[Federal Register: October 29, 2010 (Volume 75, Number 209)] [Notices] [Page 66779-66780] From the Federal Register Online via GPO Access [wais.access.gpo.gov] [DOCID:fr29oc10-93] ----------------------------------------------------------------------- DEPARTMENT OF THE INTERIOR Fish and Wildlife Service [FWS-R8-ES-2010-N199; 80230-1265-0000-S3] Ruby Lake National Wildlife Refuge, Elko and White Pine Counties, NV; Comprehensive Conservation Plan and Environmental Assessment AGENCY: Fish and Wildlife Service, Interior. ACTION: Notice of Intent; request for comments. ----------------------------------------------------------------------- SUMMARY: We, the U.S. Fish and Wildlife Service (Service), intend to prepare a Comprehensive Conservation Plan (CCP) and Environmental Assessment (EA) for the Ruby Lake National Wildlife Refuge, located in Elko and White Pine Counties of Nevada. We provide this notice in compliance with our CCP policy to advise other Federal and State agencies, Tribes, and the public of our intentions, and to obtain suggestions and information on the scope of issues to consider in the planning process. DATES: To ensure consideration, we must receive your written comments by December 28, 2010. ADDRESSES: Send your comments or requests for more information by any of the following methods.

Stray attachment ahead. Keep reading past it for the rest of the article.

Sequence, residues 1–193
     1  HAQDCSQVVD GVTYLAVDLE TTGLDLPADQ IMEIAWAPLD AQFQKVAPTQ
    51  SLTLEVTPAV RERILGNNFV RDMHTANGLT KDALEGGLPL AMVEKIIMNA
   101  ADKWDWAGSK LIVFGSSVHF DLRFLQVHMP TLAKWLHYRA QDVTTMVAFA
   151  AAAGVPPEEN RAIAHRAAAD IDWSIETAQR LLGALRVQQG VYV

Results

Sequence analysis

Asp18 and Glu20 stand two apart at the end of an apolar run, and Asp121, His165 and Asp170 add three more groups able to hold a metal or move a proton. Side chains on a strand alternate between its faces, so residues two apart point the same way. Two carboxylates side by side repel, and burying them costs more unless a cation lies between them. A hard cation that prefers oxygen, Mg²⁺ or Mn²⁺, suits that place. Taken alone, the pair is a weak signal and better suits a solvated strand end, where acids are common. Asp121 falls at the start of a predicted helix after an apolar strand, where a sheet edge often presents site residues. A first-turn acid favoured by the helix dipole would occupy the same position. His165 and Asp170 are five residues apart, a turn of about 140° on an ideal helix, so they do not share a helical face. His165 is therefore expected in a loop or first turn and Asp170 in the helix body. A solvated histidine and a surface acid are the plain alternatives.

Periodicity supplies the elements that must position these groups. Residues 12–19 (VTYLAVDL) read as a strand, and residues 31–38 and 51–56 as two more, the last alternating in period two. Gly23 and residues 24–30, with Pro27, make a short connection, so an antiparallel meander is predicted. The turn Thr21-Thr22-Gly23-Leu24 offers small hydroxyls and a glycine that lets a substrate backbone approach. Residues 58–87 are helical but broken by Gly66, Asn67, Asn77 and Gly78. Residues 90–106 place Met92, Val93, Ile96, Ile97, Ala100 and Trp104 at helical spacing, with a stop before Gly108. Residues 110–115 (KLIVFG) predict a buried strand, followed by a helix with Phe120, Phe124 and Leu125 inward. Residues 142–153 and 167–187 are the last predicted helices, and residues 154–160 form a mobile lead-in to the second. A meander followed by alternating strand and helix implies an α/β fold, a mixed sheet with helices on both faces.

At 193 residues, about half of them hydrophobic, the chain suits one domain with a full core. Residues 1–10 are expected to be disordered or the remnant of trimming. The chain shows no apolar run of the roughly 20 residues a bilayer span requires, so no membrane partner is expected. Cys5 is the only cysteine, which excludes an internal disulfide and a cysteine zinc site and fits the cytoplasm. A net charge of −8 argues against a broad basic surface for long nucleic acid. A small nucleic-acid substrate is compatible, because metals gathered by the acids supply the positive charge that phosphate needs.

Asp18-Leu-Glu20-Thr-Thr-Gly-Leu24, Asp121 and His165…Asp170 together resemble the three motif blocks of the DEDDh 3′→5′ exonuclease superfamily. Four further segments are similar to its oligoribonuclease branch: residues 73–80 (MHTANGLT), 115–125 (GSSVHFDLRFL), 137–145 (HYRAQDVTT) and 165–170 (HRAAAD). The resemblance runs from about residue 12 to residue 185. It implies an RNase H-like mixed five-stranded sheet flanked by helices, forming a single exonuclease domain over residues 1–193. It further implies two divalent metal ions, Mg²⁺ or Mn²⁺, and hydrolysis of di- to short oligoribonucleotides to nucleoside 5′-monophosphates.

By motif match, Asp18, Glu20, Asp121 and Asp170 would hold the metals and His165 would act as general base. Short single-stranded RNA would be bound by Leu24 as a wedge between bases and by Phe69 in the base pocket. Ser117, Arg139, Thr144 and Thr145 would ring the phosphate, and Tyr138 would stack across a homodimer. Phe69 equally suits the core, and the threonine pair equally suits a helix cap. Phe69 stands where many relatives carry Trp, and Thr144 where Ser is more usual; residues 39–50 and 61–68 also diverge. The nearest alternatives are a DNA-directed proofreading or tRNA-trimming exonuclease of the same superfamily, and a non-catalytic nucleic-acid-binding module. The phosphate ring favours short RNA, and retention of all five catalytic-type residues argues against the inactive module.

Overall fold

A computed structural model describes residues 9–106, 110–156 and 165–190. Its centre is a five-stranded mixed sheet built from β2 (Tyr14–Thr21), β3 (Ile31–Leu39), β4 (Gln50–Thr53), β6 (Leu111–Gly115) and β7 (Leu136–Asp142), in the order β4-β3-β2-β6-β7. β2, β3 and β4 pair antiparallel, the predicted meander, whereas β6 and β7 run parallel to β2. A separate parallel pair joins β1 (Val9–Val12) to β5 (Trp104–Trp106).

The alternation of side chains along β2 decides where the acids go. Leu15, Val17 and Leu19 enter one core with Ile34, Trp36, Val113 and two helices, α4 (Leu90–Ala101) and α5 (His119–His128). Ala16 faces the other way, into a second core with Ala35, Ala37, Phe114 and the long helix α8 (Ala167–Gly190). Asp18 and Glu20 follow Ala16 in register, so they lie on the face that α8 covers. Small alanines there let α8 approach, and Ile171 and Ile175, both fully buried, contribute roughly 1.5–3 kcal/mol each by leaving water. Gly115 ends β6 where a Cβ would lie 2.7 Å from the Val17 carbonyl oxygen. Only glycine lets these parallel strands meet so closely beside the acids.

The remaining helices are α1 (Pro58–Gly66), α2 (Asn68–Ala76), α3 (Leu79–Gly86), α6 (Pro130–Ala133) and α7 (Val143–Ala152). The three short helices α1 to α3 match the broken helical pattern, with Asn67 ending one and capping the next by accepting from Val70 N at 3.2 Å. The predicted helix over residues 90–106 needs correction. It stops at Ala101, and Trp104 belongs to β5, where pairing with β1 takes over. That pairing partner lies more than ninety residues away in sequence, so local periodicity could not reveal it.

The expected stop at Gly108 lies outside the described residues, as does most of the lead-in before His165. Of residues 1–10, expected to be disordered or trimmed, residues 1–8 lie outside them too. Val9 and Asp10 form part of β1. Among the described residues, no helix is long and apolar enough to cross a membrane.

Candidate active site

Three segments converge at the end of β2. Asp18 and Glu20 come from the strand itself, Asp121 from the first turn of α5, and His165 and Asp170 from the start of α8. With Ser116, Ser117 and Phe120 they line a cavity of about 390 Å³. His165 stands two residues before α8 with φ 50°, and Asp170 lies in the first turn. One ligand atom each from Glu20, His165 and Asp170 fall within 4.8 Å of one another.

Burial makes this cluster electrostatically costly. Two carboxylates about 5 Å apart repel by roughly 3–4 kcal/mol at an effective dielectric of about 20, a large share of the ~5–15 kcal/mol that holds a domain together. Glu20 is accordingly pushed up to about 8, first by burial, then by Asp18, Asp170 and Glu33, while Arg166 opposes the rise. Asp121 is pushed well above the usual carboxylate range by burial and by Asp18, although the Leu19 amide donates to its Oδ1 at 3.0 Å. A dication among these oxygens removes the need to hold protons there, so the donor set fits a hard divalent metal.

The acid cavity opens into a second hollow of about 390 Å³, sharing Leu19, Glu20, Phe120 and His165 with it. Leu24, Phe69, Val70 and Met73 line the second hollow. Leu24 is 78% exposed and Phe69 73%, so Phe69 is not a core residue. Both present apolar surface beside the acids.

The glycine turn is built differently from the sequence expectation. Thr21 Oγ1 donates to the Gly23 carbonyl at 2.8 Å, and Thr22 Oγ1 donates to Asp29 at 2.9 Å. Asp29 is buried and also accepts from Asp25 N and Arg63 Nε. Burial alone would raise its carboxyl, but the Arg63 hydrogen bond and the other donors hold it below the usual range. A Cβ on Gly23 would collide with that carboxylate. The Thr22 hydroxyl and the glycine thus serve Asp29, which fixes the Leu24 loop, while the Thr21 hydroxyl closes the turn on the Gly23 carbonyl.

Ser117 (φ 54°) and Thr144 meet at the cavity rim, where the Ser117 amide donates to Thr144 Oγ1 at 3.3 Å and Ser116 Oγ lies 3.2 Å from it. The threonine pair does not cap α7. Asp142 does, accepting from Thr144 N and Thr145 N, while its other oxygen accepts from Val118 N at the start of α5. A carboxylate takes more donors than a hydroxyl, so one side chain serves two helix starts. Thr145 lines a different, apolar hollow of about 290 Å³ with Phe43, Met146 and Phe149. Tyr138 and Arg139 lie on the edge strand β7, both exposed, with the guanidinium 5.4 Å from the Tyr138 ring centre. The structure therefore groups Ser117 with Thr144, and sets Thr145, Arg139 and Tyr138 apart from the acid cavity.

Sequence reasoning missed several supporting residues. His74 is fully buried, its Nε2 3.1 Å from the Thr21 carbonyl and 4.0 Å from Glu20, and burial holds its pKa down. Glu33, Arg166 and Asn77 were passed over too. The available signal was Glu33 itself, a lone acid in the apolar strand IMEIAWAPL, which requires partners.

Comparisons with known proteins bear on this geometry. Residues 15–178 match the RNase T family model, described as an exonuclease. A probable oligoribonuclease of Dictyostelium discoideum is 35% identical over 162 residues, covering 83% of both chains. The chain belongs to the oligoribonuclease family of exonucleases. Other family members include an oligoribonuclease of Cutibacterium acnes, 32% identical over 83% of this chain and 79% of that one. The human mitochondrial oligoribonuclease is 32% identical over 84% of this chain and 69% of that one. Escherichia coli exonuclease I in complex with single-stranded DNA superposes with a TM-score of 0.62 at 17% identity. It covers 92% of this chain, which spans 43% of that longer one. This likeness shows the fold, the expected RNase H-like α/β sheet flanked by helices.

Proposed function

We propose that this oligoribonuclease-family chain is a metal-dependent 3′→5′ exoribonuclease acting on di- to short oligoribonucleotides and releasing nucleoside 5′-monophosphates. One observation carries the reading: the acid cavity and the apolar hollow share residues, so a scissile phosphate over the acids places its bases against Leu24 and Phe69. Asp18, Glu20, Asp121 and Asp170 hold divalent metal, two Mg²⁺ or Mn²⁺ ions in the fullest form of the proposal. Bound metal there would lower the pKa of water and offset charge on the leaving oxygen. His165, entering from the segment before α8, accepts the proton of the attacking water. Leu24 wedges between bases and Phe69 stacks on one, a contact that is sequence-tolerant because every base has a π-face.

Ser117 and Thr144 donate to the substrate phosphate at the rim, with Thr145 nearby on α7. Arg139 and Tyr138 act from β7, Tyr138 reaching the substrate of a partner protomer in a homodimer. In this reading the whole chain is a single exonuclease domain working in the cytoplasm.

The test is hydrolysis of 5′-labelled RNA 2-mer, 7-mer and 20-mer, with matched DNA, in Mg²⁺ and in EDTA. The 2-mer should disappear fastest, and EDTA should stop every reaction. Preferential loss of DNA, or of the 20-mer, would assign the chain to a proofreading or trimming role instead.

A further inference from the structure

E-mail: email@example.com. Include ``Ruby Lake CCP'' in the subject line of the message. Fax: Attn: Mark Pelz, (916) 414-6497. U.S. Mail: Ruby Lake National Wildlife Refuge, HC 60, Box 860, Ruby Valley, Nevada 89833-9802. In-Person Drop-off: You may drop off comments during regular business hours; please call (775) 779-2237 for directions. FOR FURTHER INFORMATION CONTACT: Mark Pelz, Chief, Refuge Planning, at (916) 414-6500, or Guy Wagner, Refuge Manager, at (775) 779-2237. Further information may also be found at http: //www.fws.gov/rubylake/. SUPPLEMENTARY INFORMATION: Introduction With this notice, we initiate our process for developing a CCP for Ruby Lake NWR in Elko and White Pine Counties, NV. This notice complies with our CCP policy to (1) Advise other Federal and State agencies, Tribes, and the public of our intention to conduct detailed planning on this refuge and (2) obtain suggestions and information on the scope of issues to consider in the environmental document and during development of the CCP. Background The CCP Process The National Wildlife Refuge System Administration Act of 1966 (16 U.S.C. 668dd-668ee) (Administration Act), as amended by the National Wildlife Refuge System Improvement Act of 1997, requires us to develop a CCP for each national wildlife refuge. The purpose for developing a CCP is to provide refuge managers with a 15-year plan for achieving refuge purposes and contributing toward the mission of the National Wildlife Refuge System, consistent with sound principles of fish and wildlife management, conservation, legal mandates, and our policies. In addition to outlining broad management direction on conserving wildlife and their habitats, CCPs identify wildlife-dependent recreational opportunities available to the public, including opportunities for hunting, fishing, wildlife observation and photography, and environmental education and interpretation. We will review and update the CCP at least every 15 years in accordance with the Administration Act. Each unit of the National Wildlife Refuge System was established for specific purposes. We use these purposes as the foundation for developing and prioritizing the management goals and objectives for each refuge within the National Wildlife Refuge System mission, and to determine how the public can use each refuge. The planning process is a way for us and the public to evaluate management goals, objectives, and strategies that will ensure the best possible approach to wildlife, plant, and habitat conservation, while providing for wildlife-dependent recreation opportunities that are compatible with each refuge's establishing purposes and [[Page 66780]] the mission of the National Wildlife Refuge System. Our CCP process provides opportunities for participation by Tribal, State, and local governments; agencies; organizations; and the public. We will be contacting identified stakeholders and individuals at this time for initial input. If you would like to meet with planning staff or would like to receive periodic updates, please contact us (see ADDRESSES section). At this time we encourage comments in the form of issues, concerns, ideas, and suggestions for the future management of Ruby Lake NWR. We will conduct the environmental review of this project in accordance with the requirements of the National Environmental Policy Act of 1969, as amended (NEPA) (42 U.S.C. 4321 et seq.); NEPA regulations (40 CFR parts 1500-1508); other appropriate Federal laws and regulations; and our policies and procedures for compliance with those laws and regulations. Ruby Lake National Wildlife Refuge Ruby Lake National Wildlife Refuge (NWR) was established in 1938 as a refuge and breeding ground for migratory birds and other wildlife (Executive Order 7923). Located along migration corridors serving both the Pacific and Central flyways, this refuge is a crossroads for birds migrating west along the Humboldt River to the Owens Valley, east to Utah's Great Salt Lake, northwest to the Klamath Basin, and south to the Colorado River Valley. Ruby Lake NWR supports the largest population of nesting canvasback ducks west of the Mississippi River outside Alaska, and is a vital waterfowl nesting area. More than 200 springs emanating from the base of the Ruby Mountains provide life-sustaining water to the 39,926-acre refuge. The marsh is surrounded by 22,926 acres of meadows, grasslands, alkali playa, and shrub-steppe uplands. Water elevations in some marsh units are controlled to provide nesting and feeding areas for waterfowl and other marsh bird species. Vegetation in the meadows and grasslands is managed to provide nesting cover and feeding areas for wildlife. Existing public uses include wildlife observation, photography, interpretation, environmental education, waterfowl hunting, and recreational fishing. Scoping: Preliminary Issues, Concerns, and Opportunities We have identified preliminary issues, concerns, and opportunities that we may address in the CCP. These include wildlife management, habitat management, wildlife-dependent recreation, environmental education, and cultural resources. During public scoping, we may identify additional issues. Public Meetings We will give the public an opportunity to provide input at a public meeting (or meetings). You may obtain the schedule from the refuge planner or refuge manager (see FOR FURTHER INFORMATION CONTACT). You may also submit comments or request a meeting during the planning process by mail, e-mail, or fax (see ADDRESSES). There will be additional opportunities to provide public input once we have prepared a draft CCP. Public Availability of Comments Before including your address, phone number, e-mail address, or other personal identifying information in your comment, you should be aware that your entire comment--including your personal identifying information--may be made publicly available at any time. While you can ask us in your comment to withhold your personal identifying information from public review, we cannot guarantee that we will be able to do so. Dated: October 22, 2010. Alexandra Pitts, Acting Regional Director, Pacific Southwest Region, Sacramento, California. [FR Doc. 2010-27349 Filed 10-28-10; 8:45 am] BILLING CODE 4310-55-P